Blue Valley Schools Graduate Sues Kansas District For Allegedly Failing To Protect Against Sexual Harassment, Bullying

A graduate of Kansas' Blue Valley School District has filed a lawsuit alleging that school officials failed to protect him from peer tormenting stemming from a belief that he was gay.

The graduate claims he was subjected to "severe and repeated physical and emotional assault and harassment based on his gender and perceived sexual orientation," according to the complaint.

In a statement to KCTV, district officials said policies prevent them from commenting on pending litigation, though "the safety and social well being of our students is a top priority in every school and every classroom, every day."

The lawsuit claims that school officials protected girls who were bullied, but didn't defend the plaintiff because he was male and perceived to be gay. The complaint claims that male students kicked him, punched him in the face, placed his hand on a hot burner in cooking class and threw balls at his face during gym class, resulting in a deviated septum.

"Fellow male students repeatedly assaulted [him] in the school locker room and shower, such as rubbing against him, nude, in the shower in a sexually aggressive manner, pulling down his pants, exposing his genitals to other students, snapping him on the buttocks with towels, and spraying a full shampoo bottle of urine on him while in the locker room shower," the complaint reads.

The suit also alleges that students made references to raping and killing the bullied teen, and made sexually offensive comments to him, including graphic descriptions of their masturbation activities and asking about sex acts he would perform on the weekend. His grades were reportedly negatively affected by the bullying, and is currently receiving counseling to overcome physical pain and post-traumatic stress.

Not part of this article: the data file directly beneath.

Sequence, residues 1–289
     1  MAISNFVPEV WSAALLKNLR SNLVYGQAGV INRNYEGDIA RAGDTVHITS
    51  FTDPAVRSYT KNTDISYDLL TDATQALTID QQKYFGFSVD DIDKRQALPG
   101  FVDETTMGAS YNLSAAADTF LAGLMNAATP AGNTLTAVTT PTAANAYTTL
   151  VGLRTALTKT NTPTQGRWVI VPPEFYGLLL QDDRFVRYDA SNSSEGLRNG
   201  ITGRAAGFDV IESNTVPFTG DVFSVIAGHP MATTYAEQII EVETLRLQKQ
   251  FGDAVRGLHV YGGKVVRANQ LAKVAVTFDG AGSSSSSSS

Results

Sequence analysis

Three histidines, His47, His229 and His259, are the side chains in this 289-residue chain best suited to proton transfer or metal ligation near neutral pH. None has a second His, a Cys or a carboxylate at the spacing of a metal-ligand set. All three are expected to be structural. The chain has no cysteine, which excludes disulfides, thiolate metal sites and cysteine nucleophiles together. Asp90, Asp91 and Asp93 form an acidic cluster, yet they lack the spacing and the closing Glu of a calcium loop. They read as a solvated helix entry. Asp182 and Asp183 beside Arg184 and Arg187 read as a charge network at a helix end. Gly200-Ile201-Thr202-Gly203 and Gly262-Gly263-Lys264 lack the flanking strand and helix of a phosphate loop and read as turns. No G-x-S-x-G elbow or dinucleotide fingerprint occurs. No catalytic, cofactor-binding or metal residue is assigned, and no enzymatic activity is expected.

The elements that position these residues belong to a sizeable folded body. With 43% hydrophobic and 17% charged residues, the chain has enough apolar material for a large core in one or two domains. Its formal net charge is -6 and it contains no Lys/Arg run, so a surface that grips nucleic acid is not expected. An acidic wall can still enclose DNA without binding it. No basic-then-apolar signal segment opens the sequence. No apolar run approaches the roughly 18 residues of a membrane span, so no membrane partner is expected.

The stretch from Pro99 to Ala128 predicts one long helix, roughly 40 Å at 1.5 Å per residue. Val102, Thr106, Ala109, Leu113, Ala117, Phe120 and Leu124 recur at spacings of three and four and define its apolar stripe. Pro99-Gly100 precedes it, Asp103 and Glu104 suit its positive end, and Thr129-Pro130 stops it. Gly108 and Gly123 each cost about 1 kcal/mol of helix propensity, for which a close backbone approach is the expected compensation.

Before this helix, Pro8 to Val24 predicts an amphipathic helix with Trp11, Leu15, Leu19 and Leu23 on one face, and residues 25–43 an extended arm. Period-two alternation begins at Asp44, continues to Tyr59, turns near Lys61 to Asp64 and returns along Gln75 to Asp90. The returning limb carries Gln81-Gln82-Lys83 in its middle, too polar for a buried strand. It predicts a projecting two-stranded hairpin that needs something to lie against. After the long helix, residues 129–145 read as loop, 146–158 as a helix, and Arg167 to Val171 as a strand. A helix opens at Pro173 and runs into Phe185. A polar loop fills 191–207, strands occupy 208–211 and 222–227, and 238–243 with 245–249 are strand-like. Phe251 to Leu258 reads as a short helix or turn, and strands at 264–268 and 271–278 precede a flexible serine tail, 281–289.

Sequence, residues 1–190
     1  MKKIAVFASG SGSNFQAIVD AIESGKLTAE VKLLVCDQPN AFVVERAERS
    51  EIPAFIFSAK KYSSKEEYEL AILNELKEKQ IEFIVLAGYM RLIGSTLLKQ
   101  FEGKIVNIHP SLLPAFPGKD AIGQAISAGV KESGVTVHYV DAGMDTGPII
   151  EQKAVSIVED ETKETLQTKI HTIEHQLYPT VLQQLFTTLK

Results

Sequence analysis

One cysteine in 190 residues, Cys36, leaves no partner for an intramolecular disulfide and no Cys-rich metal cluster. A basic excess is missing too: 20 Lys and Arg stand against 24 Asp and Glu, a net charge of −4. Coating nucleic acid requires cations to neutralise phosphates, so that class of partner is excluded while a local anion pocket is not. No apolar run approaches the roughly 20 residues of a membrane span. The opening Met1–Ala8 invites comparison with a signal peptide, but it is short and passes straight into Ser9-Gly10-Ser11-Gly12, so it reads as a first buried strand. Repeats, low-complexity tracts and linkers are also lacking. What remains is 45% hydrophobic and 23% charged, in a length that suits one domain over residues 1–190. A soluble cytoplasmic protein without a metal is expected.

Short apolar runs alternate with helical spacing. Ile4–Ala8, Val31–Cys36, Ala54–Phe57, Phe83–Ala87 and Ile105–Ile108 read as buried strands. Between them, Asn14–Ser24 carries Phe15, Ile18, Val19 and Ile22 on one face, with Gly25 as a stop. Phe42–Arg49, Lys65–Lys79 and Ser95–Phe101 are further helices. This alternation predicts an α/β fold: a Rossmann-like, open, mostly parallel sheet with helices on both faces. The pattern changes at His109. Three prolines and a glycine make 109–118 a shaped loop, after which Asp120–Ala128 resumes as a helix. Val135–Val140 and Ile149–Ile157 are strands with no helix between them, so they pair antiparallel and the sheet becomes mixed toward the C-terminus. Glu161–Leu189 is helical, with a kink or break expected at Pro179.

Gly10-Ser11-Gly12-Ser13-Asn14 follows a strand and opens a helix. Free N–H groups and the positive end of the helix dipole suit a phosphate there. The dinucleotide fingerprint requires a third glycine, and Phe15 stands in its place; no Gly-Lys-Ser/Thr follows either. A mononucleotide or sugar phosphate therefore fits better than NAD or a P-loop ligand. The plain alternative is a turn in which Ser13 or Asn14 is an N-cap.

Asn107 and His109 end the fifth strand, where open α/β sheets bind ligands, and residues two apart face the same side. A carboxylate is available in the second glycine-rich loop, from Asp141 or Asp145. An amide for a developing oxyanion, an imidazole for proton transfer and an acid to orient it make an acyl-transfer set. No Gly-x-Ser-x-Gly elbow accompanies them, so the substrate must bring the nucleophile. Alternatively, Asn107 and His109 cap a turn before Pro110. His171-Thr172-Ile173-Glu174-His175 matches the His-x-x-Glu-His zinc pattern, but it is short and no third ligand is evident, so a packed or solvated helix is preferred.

"His reports were met with indifference, inaction, or where some action was taken, the action was wholly inadequate and ineffective," according to the complaint.

The story out of Kansas is one in a number of alleged peer bullying cases for perceived sexual orientation.

Last fall, 14-year-old Jamey Rodemeyer of New York made headlines after he hanged himself following years of bullying for being gay and hanging out with girls.

The teen's suicide followed a poignant "It Gets Better" video in which he told his story and encouraged other bullied gay and lesbian teenagers.

In a separate incident in Pennsylvania, Harrisburg teacher Sharon Wright has filed a lawsuit against Covenant Christian Academy. In her suit, she claims that the administration suspended her son for being gay and fired her for not forcing him to renounce the "sin."

"Your son is broken," school board member Rich Raynor reportedly told Wright. "And it's your job to fix him."

Subsequent harassment through the year led to anxiety and depression. According to the complaint, school officials told Wright to take a year "to heal" and was denied a contract renewal.

Most states now have bullying laws that require schools to adopt bullying policies, and efforts to combat school bullying have escalated over the last decade, according to a report released in December by the U.S. Department of Education.

Between 1999 and 2010, more than 120 bills were adopted by state legislatures to introduce or amend legislation that address bullying, harassment or similar behavior in schools. By the time of the Education Department study's conclusion, there were 46 states with enacted anti-bullying laws, 36 with regulations that work against cyberbullying and 13 that give schools the authority to monitor and address bullying behavior even when it occurs off school grounds.